Oct 4, 2014

Have a Drink, Kid: Bouchon de Brebis


I've been asked the legal drinking age here in France by more than one visitor -- usually of the teenaged kind. The funny thing is, each time I've asked around to my local French friends, none of them know the answer. And that's because there is no drinking age. Only a purchasing age.

I have an American friend who lives in Paris, married to a Frenchman. A couple years ago, she was on a trip in the US with her then-16 year old daughter, who ordered a glass of wine at a restaurant. The waiter told her she had to be 21, so her mother said, "OK, I'll order it then." And they wouldn't/ couldn't sell it to the mother, knowing she was going to pass it to her daughter.
Lest you think that makes French kids alcoholics or even big drinkers, that same girl then went to Duke for a prospective freshman weekend at Duke University. Her initial impression was the American high school and college students were crazy party-binge drinkers. She had never seen anything like that level of abuse of alcohol. She's there now, happy, and has found plenty of non-crazy, non-party, non-binge drinkers.
Officially, French kids can drink at any age, legally, but they cannot buy alcohol until age 18, raised from age 16 in 2009 (which means that kids that were legally buying wine in France 5 years ago are finally just legal to buy liquor in the US). At grocery and wine stores, the 18 year limit is generally respected. One friend recently sent her 14-year old to go buy a bottle for dinner, and he was turned away, for example. At a restaurant or bar, it depends mostly on who else is there and what kind of restaurant or bar it is, but often older teenagers are served anyway. And parents can certainly buy a glass of wine (or any alcohol, frankly) for their under-aged children.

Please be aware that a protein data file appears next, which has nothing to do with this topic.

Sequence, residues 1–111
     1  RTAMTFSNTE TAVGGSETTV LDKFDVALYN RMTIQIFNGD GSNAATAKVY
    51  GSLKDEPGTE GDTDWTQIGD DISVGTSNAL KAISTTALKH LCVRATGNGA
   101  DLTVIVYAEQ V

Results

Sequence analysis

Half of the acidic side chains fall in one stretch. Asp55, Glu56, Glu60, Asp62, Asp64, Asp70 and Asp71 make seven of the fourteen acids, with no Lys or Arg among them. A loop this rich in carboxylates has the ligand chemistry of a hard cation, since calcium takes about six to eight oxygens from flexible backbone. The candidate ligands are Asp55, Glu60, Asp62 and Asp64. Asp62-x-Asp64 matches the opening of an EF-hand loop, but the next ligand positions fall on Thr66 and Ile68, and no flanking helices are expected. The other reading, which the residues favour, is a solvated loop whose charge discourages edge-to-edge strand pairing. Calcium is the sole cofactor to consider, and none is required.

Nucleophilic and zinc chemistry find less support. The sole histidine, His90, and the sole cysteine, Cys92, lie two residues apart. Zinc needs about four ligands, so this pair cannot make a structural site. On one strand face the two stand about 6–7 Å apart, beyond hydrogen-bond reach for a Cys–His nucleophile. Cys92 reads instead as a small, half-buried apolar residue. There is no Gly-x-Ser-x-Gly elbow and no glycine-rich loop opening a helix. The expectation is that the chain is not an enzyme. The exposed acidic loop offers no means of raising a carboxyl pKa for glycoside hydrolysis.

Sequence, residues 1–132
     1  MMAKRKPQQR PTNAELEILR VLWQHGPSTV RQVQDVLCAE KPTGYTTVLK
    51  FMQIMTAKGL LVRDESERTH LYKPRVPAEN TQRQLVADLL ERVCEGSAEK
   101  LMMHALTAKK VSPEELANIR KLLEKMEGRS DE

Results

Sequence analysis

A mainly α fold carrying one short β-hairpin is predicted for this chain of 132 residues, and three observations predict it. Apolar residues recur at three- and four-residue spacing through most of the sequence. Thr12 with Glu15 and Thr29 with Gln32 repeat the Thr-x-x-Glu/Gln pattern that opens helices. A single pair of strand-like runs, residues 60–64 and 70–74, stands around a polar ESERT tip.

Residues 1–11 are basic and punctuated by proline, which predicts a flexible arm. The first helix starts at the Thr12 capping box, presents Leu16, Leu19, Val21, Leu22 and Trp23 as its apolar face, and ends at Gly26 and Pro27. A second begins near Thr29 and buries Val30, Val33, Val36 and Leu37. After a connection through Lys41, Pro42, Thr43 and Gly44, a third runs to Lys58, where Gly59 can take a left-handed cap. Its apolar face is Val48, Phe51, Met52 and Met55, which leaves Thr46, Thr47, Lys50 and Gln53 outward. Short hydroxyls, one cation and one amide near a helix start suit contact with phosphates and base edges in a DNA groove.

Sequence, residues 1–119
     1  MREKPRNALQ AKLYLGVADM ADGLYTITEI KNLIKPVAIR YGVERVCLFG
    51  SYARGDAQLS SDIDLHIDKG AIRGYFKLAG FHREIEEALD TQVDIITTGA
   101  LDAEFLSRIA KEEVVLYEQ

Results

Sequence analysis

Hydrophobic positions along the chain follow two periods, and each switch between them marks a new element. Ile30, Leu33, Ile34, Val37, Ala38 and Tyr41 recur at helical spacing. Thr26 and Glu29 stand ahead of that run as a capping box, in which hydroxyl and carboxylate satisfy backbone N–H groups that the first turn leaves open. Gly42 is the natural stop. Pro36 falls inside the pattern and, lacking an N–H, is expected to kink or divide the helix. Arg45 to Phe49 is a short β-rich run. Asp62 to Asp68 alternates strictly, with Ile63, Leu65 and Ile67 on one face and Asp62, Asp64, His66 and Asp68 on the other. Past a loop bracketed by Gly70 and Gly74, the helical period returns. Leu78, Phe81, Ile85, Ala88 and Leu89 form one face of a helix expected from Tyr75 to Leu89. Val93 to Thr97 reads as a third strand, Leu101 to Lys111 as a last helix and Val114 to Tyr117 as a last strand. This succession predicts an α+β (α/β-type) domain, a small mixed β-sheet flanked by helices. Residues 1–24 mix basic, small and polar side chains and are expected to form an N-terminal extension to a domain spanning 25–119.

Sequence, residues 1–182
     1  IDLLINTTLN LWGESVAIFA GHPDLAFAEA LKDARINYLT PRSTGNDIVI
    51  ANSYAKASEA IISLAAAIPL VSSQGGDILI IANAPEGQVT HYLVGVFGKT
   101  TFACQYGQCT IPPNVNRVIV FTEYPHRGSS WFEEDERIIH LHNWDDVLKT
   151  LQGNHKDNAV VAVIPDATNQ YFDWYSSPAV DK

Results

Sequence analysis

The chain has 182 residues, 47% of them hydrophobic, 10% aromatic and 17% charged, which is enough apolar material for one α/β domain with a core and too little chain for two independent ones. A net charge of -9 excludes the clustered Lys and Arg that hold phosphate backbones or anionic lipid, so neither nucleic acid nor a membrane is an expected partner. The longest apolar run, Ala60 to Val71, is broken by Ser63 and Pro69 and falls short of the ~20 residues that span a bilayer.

And since you've asked (well, some of you have), we let our own kids taste any alcohol they want at our table. Mostly they sniff it and declare it disgusting, though Gigi, at age 11, occasionally thinks a sweeter white is, well, sort of not so disgusting. The criticism, I realize, is that we're teaching our children how to drink alcohol. Well, we've seen the American model and the French model, and in my mind that's exactly right: we're teaching our children how to drink alcohol.
THE CHEESE: Bouchon de Brebis
Bouchon de Brebis, which literally means "Sheep Cheese Cork", is, of course, a wine cork-shaped and roughly cork-sized plug of raw sheeps' milk cheese. It comes from Tarn, a department in the south of France, in the Midi-Pyrénées region. There are wines in this region, but it's no Burgundy, Champagne, or Bordeaux -- meaning not that the wines are necessarily bad, just that the region is certainly not famous for its wine-making.
The cheese is a bite-sized, firm, thick and creamy chunk of sheep. But being somewhere between a soft sheep cheese (usually more strongly farm-tasting) and a dry sheep cheese (usually more salty and nutty), it's not too sheepy and has a nice salty tang to it.
A Bouchon de Brebis is named after, and looks like, a wine cork. But even the under 21s, under 18s, and under 16s are allowed to enjoy the cheese version (although, I suppose, more literally, nobody of any age actually consumes the real wine cork itself).


  1. What a wonderful selection of cheese in all its glory! I found you through the P'ton alumni magazine and hope that you will write back to me under my regular e-mail: susgaert at aol dot com

  2. The established truth stands that tea can exclusively be as valuable as its readiness, which at times may have as much sugar as a container of soft drink.https://grigliareduro.com/


Design by Free WordPress Themes | Bloggerized by Lasantha - Premium Blogger Themes | Customized by Mihai